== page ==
Yvette Neisser
Local Poet Yvette Neisser reads from her latest work Jan. 14 at the Writer’s Center; courtesy of Neisser

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Somewhere on the outskirt

of Santa Cruz, down a side road

out of town, gravity is reversed. 

I’m not making this up.

—From “GRAVITY” by Yvette Neisser

Yvette Neisser is an award-winning poet and translator. A fixture in the local literary scene since 2000, she is an organizer, a writer and, in addition to writing and translating a variety of poetry collections, Neisser is also the founder of the DC-Area Literary Translators Network, a group that meets monthly for readings, workshops, lectures, and conferences.

Neisser’s newest poetry collection, Iron into Flower, published in October 2022 with Finishing Line Press, is a stunning manuscript of narrative exploration. Sometimes whimsical, other times heartbroken by the world and its trajectory, these poems remain both confident and accessible. Neisser is a poet who understands the vulnerability in simplicity, in avoiding the ornate, and each section of the book resonates because of her clean lines and precise breaks.

Iron into Flower is a collection of stories-in-poems, which dive into loss and reflection, growth and recovery. By the end, we are changed with the poet-protagonist.

You’d think nothing could penetrate

that bark, silvered and solid as a wall— 

yet flowers burst 

straight from the trunk: 

first a tiny shoot, 

a spray of buds, 

then bouquets of blossoms.

—from “YOSHINO CHERRY”

City Paper spoke with Neisser about her new collection, her work with the DC-Area Literary Translators Network, and the evolving D.C. literary scene.

Washington City Paper: Tell us about Iron into Flower.

Yvette Neisser: For me, the title Iron into Flower represents transformation—both literal and metaphorical. At the literal level, it is the miraculous transformation of bark into blossom—see the poem “YOSHINO CHERRY”—and at a metaphorical level, the transformation of personal and cultural identities. For example, the poems explore the shift in a woman’s identity after divorce, from wife/mother to “fireball”—see “DECLARATION OF INDEPENDENCE FROM MY FORMER SELF.” I think the title also resonates with the writing of poetry itself—the struggle of taking a difficult experience and making it bloom in beautiful language.

WCP: Your narrative style makes your poems so accessible. Beautiful, with such movement, these stories in verse! How do you approach writing poetry? Do you think about the story first? Or do you begin with form or imagery?

YN: Each poem comes about in a different way. Sometimes it starts with an image, a memory, or a feeling. Sometimes it may be an observation of nature, art, or current events. For example, “Dayenu” was sparked by the conflict between Israel and Hamas in 2021. “Tea” was a meditation on my grandmother’s lifelong obsession with tea drinking.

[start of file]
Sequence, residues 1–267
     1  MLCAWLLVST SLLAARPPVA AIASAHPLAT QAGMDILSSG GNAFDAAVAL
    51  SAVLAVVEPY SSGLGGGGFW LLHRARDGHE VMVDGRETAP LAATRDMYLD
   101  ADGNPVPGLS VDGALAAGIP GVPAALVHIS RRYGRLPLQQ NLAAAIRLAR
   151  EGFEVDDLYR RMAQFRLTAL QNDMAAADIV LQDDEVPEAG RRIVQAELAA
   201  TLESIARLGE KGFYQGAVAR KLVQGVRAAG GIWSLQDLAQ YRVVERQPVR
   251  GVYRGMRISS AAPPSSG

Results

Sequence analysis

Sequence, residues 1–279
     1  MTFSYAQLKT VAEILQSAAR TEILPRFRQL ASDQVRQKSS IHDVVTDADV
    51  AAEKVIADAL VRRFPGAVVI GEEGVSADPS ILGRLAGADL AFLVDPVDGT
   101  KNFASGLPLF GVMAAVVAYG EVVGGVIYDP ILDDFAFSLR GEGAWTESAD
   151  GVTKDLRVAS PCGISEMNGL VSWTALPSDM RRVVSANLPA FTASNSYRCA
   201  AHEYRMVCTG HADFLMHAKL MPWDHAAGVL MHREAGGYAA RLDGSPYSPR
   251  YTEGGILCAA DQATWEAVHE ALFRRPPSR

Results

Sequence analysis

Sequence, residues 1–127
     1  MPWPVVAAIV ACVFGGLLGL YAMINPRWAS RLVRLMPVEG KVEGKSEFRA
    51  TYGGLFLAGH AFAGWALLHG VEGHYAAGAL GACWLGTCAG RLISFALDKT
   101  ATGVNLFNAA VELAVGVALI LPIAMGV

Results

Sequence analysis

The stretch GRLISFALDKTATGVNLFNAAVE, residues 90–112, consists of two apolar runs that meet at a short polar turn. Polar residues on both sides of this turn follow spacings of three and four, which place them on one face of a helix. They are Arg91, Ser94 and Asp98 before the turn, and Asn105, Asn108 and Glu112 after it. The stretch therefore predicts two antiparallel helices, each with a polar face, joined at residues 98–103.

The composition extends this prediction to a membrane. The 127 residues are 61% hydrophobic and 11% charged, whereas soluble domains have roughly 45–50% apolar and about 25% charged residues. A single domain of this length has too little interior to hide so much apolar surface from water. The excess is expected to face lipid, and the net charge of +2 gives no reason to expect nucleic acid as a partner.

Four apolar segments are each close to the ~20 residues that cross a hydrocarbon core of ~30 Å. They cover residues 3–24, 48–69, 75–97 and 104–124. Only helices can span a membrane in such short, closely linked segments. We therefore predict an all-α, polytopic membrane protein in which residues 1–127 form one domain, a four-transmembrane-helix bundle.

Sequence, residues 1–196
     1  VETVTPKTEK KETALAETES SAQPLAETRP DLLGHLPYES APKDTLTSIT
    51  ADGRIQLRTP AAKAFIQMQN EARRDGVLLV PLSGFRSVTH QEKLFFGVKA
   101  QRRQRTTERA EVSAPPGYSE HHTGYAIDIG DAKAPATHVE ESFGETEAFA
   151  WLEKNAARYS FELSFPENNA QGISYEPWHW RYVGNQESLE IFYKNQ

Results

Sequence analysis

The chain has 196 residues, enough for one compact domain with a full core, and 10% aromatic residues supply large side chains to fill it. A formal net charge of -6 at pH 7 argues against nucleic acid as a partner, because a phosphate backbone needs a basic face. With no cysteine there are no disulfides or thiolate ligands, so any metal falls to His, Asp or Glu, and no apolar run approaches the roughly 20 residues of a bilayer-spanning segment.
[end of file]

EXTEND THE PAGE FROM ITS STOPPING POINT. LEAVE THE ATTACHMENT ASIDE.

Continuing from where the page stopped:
Once I have the image or spark of an idea, I focus on developing the trajectory of the poem—the arc of the poem from start to finish. Usually this means writing everything that comes to mind without any filtering. And that is the first draft. Often, I don’t know what the poem is really going to be about until I start writing it.

Then in revision, I focus on honing the language and chiseling—cutting unnecessary words, lines. Usually, the form emerges in this stage, when I see how the lines naturally group themselves into stanzas, or where a pause is needed.

WCP: You’re the founder of the DC-Area Literary Translators Network. Can you tell us a little about that work?

YN: Yes! As a poet and lover of languages—Spanish, Hebrew, Arabic—I think literary translation is the best thing since sliced bread. When I began seriously translating poetry—my first book of translations from Spanish came out in 2009—I felt a desire to share this new passion with fellow translators. So I reached out to all the translators I knew, and in 2012 we began meeting monthly to discuss translation issues and share our work. We also invited speakers—both local and from out of town—to present their books in translation.

Over time, we expanded our activities to partner with other organizations to further our mission of promoting the art of literary translation in the greater D.C. area. Ongoing partnerships include the annual Confluence translation conference held at Montgomery College and the annual translation reading with the Café Muse reading series. DC-ALT also is a local affiliate of the American Literary Translators Association.

Since the pandemic, DC-ALT has shifted to primarily online events. Every other month, we host a program featuring two translators, usually from different languages, on Zoom, followed by lively discussion. Occasionally we hold in-person translators’ happy hours. All these events are open to the public. For more info, see our website

WCP: What are your thoughts on the D.C. literary scene? How has it changed—and/or how has your own writing changed—as a result of the pandemic?

YN: One of the reasons I have stayed in the area for so long is the incredibly supportive and active local writers’ community. In a city where the professional and political worlds can be fiercely competitive, there is a wonderful lack of competitiveness among writers. We encourage each other and celebrate each other’s accomplishments. Furthermore—before the pandemic—you could find a poetry reading somewhere in the area every night of the year.

This year, I’ve been delighted to be able to start attending readings in person again. Over 20-plus years, this is how I have developed and sustained my own community of writers.

Yvette Neisser reads from Iron into Flower at 6 p.m. on Jan. 14 at the Writer’s Center in Bethesda. writer.org. Free, but registration is required.